Now here is my question to you as a gamer.

Would you, playing this game, have even the SLIGHTEST difficulty realizing what was going on in this scenario? Would anyone not know which group to support to get the "good" ending and which would get the "evil" ending?

Video games helped me to realize that most people look around our world from the inside. We've been here our whole lives. We're used to it. We're desensitized. WE ARE THE NPC's! We are the status quo. But as soon as we look at our world from the perspective of someone who just turned the game on five minutes ago, it becomes shockingly, absurdly, spectacularly easy to realize what is really going on.

When we take the time to listen to the stories of different people, as we would if we were walking around a game world trying to figure out what was going on (and instead of listening to who was in power), we immediately get a sense that our world is not just haphazardly and randomly unfair, but is systematically oppressive. Instead of letting the group in charge tell us that it's fair or as fair as it can be or any unfairness is probably the fault of those suffering, we can go and get the stories from the people themselves and listen to them. The minute we listen to everyone as if they have something vital and important to tell us (and they do) about this world, the truth is laid bare. When we value all the stories around us as equal instead of letting those in power explain away inequality it is almost comical how apparent the injustices are.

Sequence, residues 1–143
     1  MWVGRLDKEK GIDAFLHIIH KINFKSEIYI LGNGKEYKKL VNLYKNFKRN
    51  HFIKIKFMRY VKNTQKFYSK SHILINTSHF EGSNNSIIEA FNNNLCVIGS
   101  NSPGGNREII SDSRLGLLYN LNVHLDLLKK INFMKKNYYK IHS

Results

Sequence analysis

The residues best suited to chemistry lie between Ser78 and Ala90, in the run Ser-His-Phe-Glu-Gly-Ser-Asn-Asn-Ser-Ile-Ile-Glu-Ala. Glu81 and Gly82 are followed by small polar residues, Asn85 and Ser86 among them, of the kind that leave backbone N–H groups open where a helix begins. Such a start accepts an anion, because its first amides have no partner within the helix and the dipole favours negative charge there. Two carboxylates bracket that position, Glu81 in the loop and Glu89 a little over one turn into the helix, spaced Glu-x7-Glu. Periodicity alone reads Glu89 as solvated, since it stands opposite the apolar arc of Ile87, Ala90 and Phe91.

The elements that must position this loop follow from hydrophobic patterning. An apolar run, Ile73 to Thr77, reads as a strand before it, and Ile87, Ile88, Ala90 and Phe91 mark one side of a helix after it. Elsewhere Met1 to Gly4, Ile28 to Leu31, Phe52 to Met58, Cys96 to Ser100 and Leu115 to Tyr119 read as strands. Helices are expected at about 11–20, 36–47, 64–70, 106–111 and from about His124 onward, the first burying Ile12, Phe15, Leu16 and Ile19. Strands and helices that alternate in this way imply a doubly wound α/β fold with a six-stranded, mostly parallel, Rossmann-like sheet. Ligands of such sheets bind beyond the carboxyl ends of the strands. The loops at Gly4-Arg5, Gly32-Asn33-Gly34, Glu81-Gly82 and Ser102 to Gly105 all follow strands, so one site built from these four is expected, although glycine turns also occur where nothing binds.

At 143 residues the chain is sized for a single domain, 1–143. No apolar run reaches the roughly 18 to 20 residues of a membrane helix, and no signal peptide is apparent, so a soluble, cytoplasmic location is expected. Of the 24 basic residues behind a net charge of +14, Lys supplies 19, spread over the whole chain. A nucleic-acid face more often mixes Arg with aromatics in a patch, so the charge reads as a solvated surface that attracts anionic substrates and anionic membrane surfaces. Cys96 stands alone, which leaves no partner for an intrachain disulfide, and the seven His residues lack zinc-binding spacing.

In my world (as distressingly unsteampunk as it is) I have a choice to listen to one group–the group in power (a largely male, white, heterosexual, able-bodied, cis group)–who insists that nothing is really wrong that couldn't be fixed if people would just try harder instead of complaining. Or I can seek out other voices and other narratives and let the people best equipped to describe their own situations describe it for themselves. Women who've experienced harassment and sexism. People of color who've experienced racism and xenophobia. Disabled people who've found difficulty accessing the same services as the able-bodied. Gender-variant folks who have a world of difficulties that cis folks do not. I can find those folks and I can listen to their stories and see that they paint a very VERY different picture than those overwhelming the mainstream. And once I have bothered to listen to the stories of those who are not in control of the narrative–and treated those stories as equal to the ones who are–it's only a matter of deciding whether I want to be Luke Skywalker or a seeping asshole.